Activism & Politics
In a few days from now, two men in suits -- Mitt Romney and Barack Obama -- will stand side-by-side to debate each other three times in three weeks. Imagine those moments. The two men defending their records and outlining their case to the American people: “This is why you should choose me to lead you for the next four years.”
The Centre for Research on Men and Masculinities (CROMM) is hosting a two-day conference titled Engaging Men in Building Gender Equality. The conference focuses on and seeks to advance efforts to address men’s roles in building gender equality.
This report is a comprehensive examination of the roles bystanders can play in preventing sexual harassment in the workplace. The report draws on and synthesises insights from diverse bodies of scholarship and practice regarding violence prevention, whistle blowing, employee voice, workplace justice and workplace bullying. While there are significant organizational, legal and socio-political challenges in developing bystander approaches to sexual harassment, the paper argues that they also offer substantial promise.
Recently my attention was drawn to a website entitled ‘It’s Guy Code: The Official Etiquette of Men’. The website can be visited at this address: http://itsguycode.com/ however you should be warned that a lot of the content on this site is rather confronting to say the least.
Do you want a guy you admire featured in the "Men in the Movement" social media series by International Planned Parenthood Federation/ Western Hemisphere Region?
With Father's Day coming up, we want to amplify your stories about men whose support, guidance, and commitment to social change is helping to build a better world.
Send a 500-800 word story to firstname.lastname@example.org by June 1st that explains who he is and what he's done that's so special. (Include a photo if you can!) The stories we receive will be posted throughout June to our blog, Facebook, and Pinterest.
Voice your support for Men for Women's Choice.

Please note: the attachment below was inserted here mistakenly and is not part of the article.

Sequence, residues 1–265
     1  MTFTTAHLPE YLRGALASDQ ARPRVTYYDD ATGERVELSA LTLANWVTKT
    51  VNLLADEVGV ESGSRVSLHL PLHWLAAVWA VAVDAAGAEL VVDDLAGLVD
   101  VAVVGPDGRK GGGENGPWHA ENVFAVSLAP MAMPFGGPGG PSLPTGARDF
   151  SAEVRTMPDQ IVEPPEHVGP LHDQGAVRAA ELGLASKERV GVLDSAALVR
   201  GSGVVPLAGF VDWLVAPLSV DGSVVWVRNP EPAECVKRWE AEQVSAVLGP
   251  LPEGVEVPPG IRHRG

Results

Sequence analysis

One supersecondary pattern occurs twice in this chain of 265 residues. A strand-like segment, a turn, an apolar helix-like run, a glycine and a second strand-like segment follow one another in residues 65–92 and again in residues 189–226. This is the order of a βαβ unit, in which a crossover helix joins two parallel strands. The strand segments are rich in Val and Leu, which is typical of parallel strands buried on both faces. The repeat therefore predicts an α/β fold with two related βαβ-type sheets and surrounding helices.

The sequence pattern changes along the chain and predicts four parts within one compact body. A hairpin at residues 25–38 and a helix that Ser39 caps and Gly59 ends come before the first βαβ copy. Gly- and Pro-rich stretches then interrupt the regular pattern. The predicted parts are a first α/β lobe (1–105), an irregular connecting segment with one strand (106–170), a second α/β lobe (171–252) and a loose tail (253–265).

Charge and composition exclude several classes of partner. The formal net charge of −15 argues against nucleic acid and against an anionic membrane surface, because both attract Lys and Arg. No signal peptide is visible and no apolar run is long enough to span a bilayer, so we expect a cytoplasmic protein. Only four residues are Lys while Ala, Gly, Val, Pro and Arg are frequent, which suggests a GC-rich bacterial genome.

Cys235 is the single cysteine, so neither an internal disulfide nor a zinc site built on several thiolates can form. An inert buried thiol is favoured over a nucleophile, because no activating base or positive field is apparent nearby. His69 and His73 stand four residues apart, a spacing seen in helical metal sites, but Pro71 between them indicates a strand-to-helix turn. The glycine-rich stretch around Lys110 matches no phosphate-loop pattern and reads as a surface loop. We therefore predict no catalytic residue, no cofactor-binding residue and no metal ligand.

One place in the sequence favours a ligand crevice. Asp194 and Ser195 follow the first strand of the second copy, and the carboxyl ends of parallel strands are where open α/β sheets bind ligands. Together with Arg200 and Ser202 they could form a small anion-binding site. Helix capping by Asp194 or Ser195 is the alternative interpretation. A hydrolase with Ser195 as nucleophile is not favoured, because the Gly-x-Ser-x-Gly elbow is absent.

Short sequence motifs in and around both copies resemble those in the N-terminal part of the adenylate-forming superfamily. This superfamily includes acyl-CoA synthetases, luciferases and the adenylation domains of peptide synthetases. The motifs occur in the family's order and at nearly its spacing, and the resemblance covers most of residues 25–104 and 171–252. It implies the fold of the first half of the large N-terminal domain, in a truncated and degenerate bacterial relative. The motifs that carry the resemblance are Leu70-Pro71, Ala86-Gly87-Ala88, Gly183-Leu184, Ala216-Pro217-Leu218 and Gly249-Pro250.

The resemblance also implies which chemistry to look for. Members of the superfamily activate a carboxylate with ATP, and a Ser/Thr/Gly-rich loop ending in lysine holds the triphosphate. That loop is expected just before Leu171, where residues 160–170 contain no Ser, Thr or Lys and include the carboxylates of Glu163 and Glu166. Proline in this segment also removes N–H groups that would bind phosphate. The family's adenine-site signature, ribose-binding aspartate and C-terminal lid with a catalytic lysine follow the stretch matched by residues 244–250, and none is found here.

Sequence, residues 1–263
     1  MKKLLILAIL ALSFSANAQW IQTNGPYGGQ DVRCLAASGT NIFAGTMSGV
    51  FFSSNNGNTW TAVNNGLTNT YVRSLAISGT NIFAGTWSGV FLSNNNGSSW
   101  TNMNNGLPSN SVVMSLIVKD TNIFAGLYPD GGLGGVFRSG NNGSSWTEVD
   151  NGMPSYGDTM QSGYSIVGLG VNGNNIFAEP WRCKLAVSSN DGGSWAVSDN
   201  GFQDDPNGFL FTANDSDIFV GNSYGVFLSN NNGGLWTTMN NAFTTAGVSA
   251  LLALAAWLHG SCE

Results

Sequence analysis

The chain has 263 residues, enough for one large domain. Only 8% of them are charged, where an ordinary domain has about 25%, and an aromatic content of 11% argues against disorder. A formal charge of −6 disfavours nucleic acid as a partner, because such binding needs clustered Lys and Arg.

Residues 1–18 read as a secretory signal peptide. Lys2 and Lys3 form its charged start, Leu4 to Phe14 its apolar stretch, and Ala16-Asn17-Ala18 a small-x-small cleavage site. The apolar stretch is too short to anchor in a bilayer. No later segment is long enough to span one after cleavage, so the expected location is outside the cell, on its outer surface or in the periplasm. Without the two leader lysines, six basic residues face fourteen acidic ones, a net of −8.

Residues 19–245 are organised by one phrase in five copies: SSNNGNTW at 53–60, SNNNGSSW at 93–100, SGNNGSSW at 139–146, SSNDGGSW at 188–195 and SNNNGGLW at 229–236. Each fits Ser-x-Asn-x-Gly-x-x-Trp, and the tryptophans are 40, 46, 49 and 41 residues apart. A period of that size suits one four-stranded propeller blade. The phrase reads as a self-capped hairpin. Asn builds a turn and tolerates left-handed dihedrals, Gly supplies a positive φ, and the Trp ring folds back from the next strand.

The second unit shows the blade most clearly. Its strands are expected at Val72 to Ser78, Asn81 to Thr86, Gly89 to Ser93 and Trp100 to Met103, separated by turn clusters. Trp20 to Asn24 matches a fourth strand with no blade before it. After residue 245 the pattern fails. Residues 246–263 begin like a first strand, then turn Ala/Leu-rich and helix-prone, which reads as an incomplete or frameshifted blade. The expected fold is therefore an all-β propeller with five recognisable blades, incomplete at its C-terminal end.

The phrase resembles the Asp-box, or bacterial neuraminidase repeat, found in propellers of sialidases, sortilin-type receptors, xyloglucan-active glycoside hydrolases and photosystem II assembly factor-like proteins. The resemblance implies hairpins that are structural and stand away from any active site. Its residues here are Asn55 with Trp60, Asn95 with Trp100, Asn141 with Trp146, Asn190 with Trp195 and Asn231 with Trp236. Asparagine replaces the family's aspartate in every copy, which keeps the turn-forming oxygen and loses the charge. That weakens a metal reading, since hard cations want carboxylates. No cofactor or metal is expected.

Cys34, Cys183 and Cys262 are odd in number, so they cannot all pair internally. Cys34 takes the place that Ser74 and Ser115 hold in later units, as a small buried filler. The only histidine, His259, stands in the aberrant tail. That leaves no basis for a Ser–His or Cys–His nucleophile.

Like many men around the world, we think women should control their own bodies. We are part of a decentralized effort to encourage men to speak out in support of women’s right to safe birth control and abortion.
In celebration of International Women's Day, Engagingmen is pleased to share with you the second issue of the Engagingmen.net community e-magazine 'Stories of Resistance and Stories of Change' (http://www.engagingmen.net/resource/stories-resistance-and-stories-change).
This series is designed as a forum for us to reflect on the innovations, successes and challenges we face in practice and to explore the various themes and theories that inform our work.
Mobilising Men in Practice: Challenging Sexual and Gender-based Violence in Institutional Settings: Tools, Stories, Lessons
Calls for greater male participation are now a commonplace in work on sexual and reproductive health and rights. The need to engage men in efforts to prevent sexual and gender-based violence (SGBV) and promote sexual health and gender equality is well accepted. But we know less about the optimal forms of such engagement, particularly when it comes to moving beyond a focus on changing individual men’s attitudes and behaviours.
I’ve often found myself trying to explain to people that rape culture and patriarchy aren’t just bad for women. If you draw attention to a form of violence that is primarily aimed at women by men, and a form of social oppression that is intended to provide men with dominance over women, a lot of people will think you must be hostile to men, or want to take something away from men. Nothing could be further from the truth.
There is a new, international collective of men opposed to prostitution, called ZeroMacho. The collective, based in France, so far has collected over 600 signatures in more than 30 countries in favour of the abolition of prostitution. They have asked XY to spread the word. See www.zeromacho.eu/. Their manifesto is available in English here: http://www.zeromacho.eu/anglais.html.